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Does Learning to Play the Piano and Sing Make You Smarter?

Posted by Susan Swenson on

Research has found that children who study music before the age of seven develop bigger vocabularies, a better sense of grammar, and a higher verbal IQ. They learn “How to Learn”, recognize patterns, concentrate, memorize, multitask, patience, sensitivity, coordination, self-discipline, and the rewards of these attributes. Music knowledge applies to other applications, math, science, logics, and so on. Introducing a child to music should not be different from the way a child begins speaking. Approach music as if it is a language, a form of expression, a way to express and convey feelings without talking. Playing or singing music is not just fun, it is educational.

Music Students are outperforming non-music students on the Scholastic Aptitude Test (SAT).College-bound seniors with coursework or experience in music performance scored 52 points higher on the verbal portion and 37 points higher on the math portion.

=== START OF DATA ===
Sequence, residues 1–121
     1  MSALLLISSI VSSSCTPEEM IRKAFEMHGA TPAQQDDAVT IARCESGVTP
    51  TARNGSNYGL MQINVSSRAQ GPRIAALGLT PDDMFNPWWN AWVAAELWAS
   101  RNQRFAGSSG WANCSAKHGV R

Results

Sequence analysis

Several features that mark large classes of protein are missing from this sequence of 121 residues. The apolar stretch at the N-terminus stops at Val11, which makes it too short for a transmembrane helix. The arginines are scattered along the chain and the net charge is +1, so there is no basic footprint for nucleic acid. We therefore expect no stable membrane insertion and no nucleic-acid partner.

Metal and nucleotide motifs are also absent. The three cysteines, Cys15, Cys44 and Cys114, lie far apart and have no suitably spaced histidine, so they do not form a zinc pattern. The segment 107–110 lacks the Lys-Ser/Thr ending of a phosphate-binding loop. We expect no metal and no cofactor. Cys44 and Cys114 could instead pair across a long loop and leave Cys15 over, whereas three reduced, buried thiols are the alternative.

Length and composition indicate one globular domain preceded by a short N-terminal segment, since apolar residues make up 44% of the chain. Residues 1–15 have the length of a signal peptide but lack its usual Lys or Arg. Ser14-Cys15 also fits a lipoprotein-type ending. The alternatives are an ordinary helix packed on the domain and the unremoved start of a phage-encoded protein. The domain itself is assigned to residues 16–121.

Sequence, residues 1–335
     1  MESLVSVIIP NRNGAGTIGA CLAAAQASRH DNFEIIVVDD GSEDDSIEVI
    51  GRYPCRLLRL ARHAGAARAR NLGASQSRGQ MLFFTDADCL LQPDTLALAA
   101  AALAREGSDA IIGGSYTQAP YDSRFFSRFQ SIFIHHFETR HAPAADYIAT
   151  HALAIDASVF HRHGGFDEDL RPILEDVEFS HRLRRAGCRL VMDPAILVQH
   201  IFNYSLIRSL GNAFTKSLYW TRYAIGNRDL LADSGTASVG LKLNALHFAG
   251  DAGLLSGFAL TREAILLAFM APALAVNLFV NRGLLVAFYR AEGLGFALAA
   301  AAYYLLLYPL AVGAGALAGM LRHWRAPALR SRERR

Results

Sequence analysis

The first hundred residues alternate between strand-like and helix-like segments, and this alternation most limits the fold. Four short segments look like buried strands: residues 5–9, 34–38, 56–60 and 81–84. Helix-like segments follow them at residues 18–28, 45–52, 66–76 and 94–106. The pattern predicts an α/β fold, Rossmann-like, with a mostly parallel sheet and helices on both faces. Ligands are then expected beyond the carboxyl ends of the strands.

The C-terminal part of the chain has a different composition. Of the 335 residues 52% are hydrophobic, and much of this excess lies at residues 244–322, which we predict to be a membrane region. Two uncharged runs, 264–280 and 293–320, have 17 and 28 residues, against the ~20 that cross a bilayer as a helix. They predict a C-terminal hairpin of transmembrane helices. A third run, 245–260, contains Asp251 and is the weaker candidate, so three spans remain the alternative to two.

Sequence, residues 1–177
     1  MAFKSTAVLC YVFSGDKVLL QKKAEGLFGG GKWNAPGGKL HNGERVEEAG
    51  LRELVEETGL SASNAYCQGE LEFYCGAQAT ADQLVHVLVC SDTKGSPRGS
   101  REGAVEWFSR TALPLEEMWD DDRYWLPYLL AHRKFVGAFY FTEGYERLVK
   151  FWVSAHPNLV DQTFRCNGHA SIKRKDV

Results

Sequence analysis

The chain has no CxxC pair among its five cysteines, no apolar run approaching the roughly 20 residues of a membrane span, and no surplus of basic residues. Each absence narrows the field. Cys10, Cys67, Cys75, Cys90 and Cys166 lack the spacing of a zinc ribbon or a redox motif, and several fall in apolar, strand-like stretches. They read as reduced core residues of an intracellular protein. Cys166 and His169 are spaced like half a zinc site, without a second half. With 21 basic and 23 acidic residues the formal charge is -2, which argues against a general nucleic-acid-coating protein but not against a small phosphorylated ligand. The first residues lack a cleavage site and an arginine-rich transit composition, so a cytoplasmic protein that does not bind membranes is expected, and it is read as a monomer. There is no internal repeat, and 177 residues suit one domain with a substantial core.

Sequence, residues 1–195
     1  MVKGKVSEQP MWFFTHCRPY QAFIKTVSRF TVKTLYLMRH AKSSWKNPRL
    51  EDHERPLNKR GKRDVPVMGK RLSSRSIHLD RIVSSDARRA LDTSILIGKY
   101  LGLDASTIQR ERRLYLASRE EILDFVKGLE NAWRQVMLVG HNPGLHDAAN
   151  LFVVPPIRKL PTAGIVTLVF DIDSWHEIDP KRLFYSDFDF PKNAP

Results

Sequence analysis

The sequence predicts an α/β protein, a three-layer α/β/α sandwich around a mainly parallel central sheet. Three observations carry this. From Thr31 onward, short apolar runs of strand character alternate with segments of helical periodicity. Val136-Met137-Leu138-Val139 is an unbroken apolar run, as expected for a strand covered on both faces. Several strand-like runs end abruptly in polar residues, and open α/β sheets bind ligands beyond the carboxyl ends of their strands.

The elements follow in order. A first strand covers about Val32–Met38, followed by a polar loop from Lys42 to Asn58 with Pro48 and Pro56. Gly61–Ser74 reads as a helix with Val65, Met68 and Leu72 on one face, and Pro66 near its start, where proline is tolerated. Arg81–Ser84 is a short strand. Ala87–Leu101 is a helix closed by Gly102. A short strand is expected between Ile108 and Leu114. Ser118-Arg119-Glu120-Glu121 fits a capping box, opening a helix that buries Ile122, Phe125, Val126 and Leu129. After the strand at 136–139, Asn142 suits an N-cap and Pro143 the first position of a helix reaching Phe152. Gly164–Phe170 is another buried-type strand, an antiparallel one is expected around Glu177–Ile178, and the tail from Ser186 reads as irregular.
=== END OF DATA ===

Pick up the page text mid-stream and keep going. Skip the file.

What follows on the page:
Piano instruction, far superior to computer training, enhances children’s abstract reasoning skills necessary for learning math and science. The piano is an excellent first instrument because no other single instrument matches the piano for its broad application of musical concepts. Even later, if you chose to play another instrument or sing, the melody, rhythm, and sense of harmony acquired with piano education will pay off handsomely.

In addition, therapists agree that music benefits old adults with Alzheimer’s by positively affecting their biology and behavior.

Not only does music make you smarter, but also it connects you worldwide, more powerful than the internet. Music is the only International language. Everyone global reads a music score the same, formatted staffs, Musicease.

  • Learning Piano Benifits
  • Learning Singing Benifits
  • Music Knowledge